Campaign Finance Reform, and Democracy in Action
As American's, we usually see democracy as an absolutely positive thing. We all tend to agree that one of the most important aspects of our society is its democratic nature, and we believe that other countries should become more democratic because that will help them to advance to a new and wonderful world. We also believe that as other countries become more democratic, the world will become a safer place.
Well we are not doing a good job of handling our own democracy, and the democratic experience of some other countries is not providing us the safety we would have expected.
Let me explain.
In the United States, we have mishandled our democracy terribly. The idea of democracy is that each individual has an equal say in how the country is run. In the United States this is the fiction but not the reality. In truth, we all do get a minor say during the elections, however the real power and influence is money. Politicians in America need money, and lots of it. In order to get elected it costs boatloads of money. So in order to get that money they sell their souls. Ok, it isn't quite that dramatic, but they do have to spend an inordinate amount of time pandering and begging for money. The impact of this is that they spend less time actually governing, and more time on their knees looking for handouts. In order to get elected, you need lots of money. In order to get lots of money, you have to get it from rich people (or be rich yourself). In order to get it from rich people, you have to give them a promise (or at least the illusion of a promise) that you will give them something in return... usually policies and government contracts that they want.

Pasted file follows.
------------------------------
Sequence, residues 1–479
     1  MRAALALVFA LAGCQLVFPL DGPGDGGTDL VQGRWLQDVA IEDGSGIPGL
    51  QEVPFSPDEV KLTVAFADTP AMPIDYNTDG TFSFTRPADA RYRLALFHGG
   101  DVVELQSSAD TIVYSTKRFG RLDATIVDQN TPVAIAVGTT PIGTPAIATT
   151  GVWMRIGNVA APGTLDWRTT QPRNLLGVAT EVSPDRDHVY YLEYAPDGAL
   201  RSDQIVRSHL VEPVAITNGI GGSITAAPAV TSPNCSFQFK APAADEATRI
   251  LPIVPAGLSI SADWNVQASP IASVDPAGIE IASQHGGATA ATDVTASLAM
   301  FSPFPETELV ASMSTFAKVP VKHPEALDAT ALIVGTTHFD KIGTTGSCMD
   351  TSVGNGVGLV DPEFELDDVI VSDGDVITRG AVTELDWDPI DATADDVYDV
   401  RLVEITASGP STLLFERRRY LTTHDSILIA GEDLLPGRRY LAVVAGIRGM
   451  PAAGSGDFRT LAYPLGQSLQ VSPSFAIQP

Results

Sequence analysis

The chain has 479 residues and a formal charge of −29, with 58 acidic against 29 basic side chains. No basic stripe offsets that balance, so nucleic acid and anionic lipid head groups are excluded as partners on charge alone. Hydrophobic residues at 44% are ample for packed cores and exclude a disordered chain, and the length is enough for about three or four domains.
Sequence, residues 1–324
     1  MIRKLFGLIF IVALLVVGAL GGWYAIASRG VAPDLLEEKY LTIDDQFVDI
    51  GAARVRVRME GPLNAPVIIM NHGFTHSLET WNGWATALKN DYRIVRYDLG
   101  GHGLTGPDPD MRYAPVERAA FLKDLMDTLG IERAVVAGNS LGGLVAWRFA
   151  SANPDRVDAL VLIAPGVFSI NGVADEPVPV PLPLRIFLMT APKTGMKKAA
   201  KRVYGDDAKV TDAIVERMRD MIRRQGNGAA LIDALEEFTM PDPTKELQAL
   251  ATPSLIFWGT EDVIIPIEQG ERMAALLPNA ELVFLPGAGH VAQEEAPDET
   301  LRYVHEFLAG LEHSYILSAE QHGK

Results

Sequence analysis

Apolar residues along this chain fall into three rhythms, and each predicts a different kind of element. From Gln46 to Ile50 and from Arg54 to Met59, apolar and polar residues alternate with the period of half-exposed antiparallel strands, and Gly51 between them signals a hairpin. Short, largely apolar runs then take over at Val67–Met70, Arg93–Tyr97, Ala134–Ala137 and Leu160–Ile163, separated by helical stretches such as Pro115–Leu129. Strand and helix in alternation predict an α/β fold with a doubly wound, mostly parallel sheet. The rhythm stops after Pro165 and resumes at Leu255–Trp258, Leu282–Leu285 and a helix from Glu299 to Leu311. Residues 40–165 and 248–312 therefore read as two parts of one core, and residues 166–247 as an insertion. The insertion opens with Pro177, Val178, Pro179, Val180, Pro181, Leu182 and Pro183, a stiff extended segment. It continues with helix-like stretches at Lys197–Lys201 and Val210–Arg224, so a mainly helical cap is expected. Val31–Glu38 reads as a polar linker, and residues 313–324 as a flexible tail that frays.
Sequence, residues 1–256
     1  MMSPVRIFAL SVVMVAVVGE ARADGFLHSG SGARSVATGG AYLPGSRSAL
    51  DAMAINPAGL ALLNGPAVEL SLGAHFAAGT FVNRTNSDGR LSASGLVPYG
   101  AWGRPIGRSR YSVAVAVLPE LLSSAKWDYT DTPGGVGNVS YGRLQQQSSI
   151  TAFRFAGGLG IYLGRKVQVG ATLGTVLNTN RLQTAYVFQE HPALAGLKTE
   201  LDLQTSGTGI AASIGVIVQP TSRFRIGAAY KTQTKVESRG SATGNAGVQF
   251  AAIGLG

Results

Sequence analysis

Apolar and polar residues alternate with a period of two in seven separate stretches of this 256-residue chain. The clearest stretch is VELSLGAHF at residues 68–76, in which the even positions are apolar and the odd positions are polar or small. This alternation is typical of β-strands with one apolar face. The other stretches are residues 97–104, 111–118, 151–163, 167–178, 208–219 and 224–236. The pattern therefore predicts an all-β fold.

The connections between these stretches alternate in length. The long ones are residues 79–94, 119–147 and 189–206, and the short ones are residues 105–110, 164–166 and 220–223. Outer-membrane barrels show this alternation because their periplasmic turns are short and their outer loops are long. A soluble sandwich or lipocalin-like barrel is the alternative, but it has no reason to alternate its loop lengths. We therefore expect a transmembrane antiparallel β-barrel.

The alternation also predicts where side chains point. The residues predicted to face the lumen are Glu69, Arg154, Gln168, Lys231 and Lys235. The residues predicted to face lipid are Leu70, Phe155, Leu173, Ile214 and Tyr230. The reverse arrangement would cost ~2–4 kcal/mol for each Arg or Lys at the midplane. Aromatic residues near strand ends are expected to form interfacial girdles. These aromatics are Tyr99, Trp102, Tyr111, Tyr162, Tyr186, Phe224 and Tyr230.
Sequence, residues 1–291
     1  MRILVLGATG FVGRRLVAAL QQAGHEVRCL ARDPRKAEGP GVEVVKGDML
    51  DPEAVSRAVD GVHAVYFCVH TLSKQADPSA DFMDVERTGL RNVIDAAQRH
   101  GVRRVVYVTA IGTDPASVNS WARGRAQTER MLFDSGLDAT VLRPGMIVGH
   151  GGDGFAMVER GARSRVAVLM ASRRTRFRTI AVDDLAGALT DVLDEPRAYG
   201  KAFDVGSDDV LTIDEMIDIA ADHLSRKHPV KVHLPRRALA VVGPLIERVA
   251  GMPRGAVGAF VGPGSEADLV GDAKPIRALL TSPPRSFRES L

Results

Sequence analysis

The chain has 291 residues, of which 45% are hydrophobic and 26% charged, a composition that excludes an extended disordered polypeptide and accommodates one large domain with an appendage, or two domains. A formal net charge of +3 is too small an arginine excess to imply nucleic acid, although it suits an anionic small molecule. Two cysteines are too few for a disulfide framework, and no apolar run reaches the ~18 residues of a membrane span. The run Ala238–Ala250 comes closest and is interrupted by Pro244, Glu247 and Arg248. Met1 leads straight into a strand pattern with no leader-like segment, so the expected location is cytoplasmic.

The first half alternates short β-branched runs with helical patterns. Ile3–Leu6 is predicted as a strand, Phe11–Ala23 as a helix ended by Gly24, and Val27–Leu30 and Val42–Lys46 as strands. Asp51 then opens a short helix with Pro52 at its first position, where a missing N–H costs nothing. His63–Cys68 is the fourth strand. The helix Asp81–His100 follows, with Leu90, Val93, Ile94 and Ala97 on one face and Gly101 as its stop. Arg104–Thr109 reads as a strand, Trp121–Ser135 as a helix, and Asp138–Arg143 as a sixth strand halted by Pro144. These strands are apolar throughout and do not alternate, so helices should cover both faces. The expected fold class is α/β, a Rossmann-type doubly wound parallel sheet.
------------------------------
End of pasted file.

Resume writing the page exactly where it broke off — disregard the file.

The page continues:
Recently in the U.S. we have seen the power that money has on politicians through the incredible corruption unveiled through the recent Republican financing scandals.
It is really pretty simple. People only give money to politicians because they hope that the politician will govern in a way that benefits them. Since most of the money belongs to rich people (funny that) most of the money given to politicians supports policies that support the wealthy. There are some obvious exceptions, like when thousands of poorer people give small amounts to a politician, but the problem is that it is much harder to get thousands of the poor to part with a small amount of money, than it is to get one rich person to give up a larger portion of money.
So we end up with a system where politicians don't necessarily have to be good at governing, they really just have to be good at fund raising. And to be good at fund raising, they have to advocate policies that support those giving the money.
What a joke, and what a corrupt system.
What we really need to do is have full public funding of elections, and outright ban ANY money given to politicians, labeling it as it really is, a bribe. Think about that for a second. If we take money out of the equation, then the politicians will not see success by how good a fund raiser they are, but instead by how well they serve the interests of the voters as a whole. This would cause a dramatic change in the sorts of policies and laws that are passed in Congress, and will improve our situation to no end.
Now will that happen? Of course not, every politician in power today got there because of their excellent grasp of the current process. They are good fund raisers, and so it is in their benefit to maintain the status quo. Without some incredibly dramatic revolution, this will never change.